Managed and controlled by just 14 families throughout Medieval times, County Galway became known as the City of Tribes. It flourished in its advantageous position at the concourse of Galway Bay alongside the River Corrib. Today, Galway is a university city, and a flourishing one at that. It provides visitors with vibrant nightlife in a hopping pub scene and it feels as though music is at every corner’s turn, especially in the summer festival season. Escaping the city for some fresher air is as easy as heading north to the wild beauty of Connemara at the county’s western tip where you’ll be sure to hear plenty of Gaelic. Another spot filled with Gaelic speakers is the Aran Islands with Inis Moir being the biggest of the group of three. County Galway also has an incredible vibrant art scene, with scores of fascinating galleries, both conventional and unconventional.
1. County Kerry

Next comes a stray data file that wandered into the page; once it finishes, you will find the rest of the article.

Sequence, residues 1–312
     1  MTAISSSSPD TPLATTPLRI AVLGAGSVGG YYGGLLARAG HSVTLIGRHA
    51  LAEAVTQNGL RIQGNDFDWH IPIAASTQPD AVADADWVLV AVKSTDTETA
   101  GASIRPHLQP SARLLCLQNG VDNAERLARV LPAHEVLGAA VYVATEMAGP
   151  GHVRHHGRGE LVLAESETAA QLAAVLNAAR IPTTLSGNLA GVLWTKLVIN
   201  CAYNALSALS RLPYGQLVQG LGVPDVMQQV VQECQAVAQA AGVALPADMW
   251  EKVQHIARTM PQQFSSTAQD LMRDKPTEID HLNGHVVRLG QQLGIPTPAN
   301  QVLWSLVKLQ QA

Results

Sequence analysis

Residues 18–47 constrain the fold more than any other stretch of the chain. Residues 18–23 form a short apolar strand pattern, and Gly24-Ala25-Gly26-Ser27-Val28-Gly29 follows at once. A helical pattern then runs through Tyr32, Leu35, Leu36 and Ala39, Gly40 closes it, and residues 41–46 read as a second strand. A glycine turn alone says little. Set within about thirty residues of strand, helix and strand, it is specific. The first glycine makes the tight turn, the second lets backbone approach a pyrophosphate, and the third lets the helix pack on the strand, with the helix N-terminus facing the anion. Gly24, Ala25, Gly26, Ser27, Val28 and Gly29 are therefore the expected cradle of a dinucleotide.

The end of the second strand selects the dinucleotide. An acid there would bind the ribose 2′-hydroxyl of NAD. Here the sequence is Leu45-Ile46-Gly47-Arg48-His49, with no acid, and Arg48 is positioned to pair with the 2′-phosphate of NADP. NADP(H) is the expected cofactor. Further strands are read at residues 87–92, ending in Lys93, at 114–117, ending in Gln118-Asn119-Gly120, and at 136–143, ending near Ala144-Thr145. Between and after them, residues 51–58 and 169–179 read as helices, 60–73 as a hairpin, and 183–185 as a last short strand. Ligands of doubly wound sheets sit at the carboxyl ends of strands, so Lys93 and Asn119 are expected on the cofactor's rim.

In Ireland’s southwest is County Kerry, flanked by the River Shannon on the north, facing the Atlantic Ocean and ideal with a temperate climate that allows swimming all year. Mountains prevail here–Kerry is the most mountainous of any Irish county–adding plenty of depth to surrounding scenery and opening up a host of outdoor possibilities. Another great feature of County Kerry is the coast, and all the islands lying off of it. The Skellig Mountain range is just one of two World Heritage Sites celebrated for the cliff-side medieval monastery that appears to be taking a tumble over but has remained static for centuries. Drive the edges of Iveragh Passage and enjoy one of Kerry’s best scenic routes passing mountains, rugged coastline, and frothy ocean waves or take in all Killarney National Park offers throughout thickly wooded forests, landmarks, and moorland cut with plenty of trails for easy to moderate journeys.